Lastly, we have a massive gallop track that borders the entirety of our farm. I don’t know how far it is exactly, but when I’m listening to music doing trot and canter sets, it takes about a whole song to canter all the way around. We share the farm with a large polo operation, and even though the track was primarily designed for them, you can often spot one of our horses taking a nice cool down walk around the track or a few friends going on a trail ride.
11 a.m. Clients start to arrive. We have some college-aged kids who do school online or have breaks in the day, so it’s nice that they are able to come in the morning to help spread lessons out. I usually put my rides on hold for a bit to give flat lessons or help with jump schooling. We don’t jump very much at home with our experienced horses, maybe once a week. They do some cavalettis a couple other days and flat the rest of the week.
1 p.m. Time for the ponies! It’s no secret that this is one of the highlights of my day. I started a pony business called Real Deal Ponies with a couple of my friends/colleagues right around when COVID hit. I used to buy and sell ponies as a kid at my parents’ farm, but I’ve always had a desire to get back into it as a professional. While we couldn’t do much showing last spring, we used this time to put our minds together and watched hundreds of videos before we got in touch with the person who is now our business partner abroad. We eventually brought a nice group of ponies over, and it has been so much fun! These ponies always bring a smile to my face.
2:30 p.m. I check my watch and notice it’s time for the amateur-owner hunters and the high amateur jumpers to start at WEF. I drive down the road to the show and help our amateur riders school. I really enjoy training and have some very competitive clients this year, so I am really excited about that!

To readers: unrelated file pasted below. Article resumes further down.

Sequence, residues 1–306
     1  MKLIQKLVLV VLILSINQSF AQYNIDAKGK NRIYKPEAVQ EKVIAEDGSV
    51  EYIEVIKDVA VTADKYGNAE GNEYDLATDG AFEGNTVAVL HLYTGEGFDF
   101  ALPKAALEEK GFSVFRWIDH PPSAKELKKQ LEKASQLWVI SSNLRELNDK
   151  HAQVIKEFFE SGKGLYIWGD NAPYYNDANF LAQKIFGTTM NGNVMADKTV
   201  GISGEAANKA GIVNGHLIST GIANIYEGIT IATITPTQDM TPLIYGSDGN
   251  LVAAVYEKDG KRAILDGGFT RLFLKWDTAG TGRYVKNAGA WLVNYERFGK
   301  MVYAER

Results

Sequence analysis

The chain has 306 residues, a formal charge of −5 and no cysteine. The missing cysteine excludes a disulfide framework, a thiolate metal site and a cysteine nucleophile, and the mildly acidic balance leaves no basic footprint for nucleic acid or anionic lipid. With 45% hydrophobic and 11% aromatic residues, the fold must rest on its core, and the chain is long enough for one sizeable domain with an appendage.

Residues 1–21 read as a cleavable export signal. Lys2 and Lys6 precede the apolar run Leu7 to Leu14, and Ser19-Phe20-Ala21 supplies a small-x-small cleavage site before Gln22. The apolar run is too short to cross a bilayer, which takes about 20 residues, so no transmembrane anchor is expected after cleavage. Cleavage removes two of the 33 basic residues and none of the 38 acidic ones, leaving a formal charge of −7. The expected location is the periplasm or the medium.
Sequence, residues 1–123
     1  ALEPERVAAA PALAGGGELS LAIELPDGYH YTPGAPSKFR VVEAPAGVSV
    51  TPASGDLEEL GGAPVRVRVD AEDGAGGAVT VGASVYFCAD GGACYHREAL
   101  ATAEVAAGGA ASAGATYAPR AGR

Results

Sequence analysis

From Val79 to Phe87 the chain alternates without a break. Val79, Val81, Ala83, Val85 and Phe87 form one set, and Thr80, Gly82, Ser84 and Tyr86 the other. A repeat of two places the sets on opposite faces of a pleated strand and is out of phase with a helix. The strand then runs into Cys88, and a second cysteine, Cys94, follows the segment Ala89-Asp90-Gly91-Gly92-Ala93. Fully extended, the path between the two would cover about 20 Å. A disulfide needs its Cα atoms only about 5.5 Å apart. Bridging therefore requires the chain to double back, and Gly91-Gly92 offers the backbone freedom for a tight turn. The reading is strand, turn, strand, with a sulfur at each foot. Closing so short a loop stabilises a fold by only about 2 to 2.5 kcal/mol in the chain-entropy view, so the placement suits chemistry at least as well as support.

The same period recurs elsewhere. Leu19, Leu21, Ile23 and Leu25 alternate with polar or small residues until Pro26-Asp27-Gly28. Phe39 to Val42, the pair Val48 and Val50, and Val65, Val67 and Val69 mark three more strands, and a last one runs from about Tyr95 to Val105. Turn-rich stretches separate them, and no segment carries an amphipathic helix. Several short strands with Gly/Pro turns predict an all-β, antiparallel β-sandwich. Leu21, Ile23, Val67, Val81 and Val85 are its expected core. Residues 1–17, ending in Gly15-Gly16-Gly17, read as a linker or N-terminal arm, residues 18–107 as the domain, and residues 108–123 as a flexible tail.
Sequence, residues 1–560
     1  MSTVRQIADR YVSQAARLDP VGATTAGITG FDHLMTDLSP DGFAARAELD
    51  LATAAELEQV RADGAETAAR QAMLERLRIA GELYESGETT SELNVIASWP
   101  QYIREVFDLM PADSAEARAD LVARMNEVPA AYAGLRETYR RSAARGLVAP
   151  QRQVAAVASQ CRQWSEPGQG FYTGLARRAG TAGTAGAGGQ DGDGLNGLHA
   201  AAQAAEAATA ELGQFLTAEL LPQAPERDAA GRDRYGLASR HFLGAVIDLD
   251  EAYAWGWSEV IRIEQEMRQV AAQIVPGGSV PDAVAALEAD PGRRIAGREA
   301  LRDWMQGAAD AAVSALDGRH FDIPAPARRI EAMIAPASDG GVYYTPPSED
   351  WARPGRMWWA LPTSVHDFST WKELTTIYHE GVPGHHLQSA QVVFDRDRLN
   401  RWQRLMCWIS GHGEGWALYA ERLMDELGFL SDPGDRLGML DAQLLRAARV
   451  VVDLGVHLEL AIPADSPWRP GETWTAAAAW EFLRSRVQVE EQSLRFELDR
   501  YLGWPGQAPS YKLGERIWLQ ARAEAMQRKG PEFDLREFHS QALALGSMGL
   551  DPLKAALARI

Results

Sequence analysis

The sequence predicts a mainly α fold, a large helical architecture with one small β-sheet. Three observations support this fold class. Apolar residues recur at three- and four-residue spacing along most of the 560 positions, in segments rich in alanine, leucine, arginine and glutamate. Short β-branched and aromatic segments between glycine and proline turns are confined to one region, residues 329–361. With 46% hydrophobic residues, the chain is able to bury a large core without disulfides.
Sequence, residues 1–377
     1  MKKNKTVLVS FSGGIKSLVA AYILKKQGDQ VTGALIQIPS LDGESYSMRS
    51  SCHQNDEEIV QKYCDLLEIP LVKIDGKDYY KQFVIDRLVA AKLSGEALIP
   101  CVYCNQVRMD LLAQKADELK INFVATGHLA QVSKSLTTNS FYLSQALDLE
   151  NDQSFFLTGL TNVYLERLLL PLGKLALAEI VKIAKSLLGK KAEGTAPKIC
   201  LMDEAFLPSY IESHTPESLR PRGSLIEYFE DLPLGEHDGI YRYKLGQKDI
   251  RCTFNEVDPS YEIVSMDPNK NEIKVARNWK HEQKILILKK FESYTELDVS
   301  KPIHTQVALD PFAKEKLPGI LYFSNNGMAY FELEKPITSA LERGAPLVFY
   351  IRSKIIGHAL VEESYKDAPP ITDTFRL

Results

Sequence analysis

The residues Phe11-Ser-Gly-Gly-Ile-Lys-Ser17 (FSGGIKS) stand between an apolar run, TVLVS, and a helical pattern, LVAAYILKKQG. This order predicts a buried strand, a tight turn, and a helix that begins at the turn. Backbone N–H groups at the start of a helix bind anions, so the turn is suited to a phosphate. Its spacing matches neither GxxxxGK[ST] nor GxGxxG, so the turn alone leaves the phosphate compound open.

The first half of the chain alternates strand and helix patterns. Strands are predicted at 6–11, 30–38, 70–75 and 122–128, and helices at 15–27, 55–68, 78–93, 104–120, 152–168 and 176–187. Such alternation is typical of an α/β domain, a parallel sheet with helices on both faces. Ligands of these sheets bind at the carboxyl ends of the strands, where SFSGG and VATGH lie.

3:30 p.m. After our showing is wrapped up for the day, I drive to a farm owned by an outside client that I help with some riding and teaching. I have a few clients who have their own farms in Wellington, but luckily it’s very easy to get everywhere! I can usually be anywhere within 5-10 minutes. I like to go at least a few times a week to ride and check in with my other clients. They all have their own staff, so it is very easy to just pop in to ride, teach and make sure everything is going well.
5 p.m. Last stop of the day is Equiline. I swing by their retail store on the way home to pick up some of the new and awesome clothes they just got in as part of their spring collection.
5:45 p.m. I’m finally back at home. I love to cook and really enjoy eating in and having friends over especially during WEF when we are constantly on the move. It’s nice to have some downtime at the end of the day.
7:30 p.m. Watch HGTV on the couch with my dog, Kylie. Also, I sit down with my computer and make the plan for the following day and communicate with all the clients about lesson times or when they will be showing. For the busiest days, I make a spreadsheet of all the rings, times, orders and lessons to keep everyone on time and organized so there is no confusion. Most of the time Kylie is sound asleep during this, and I’m soon to follow. These days are long but so worth it!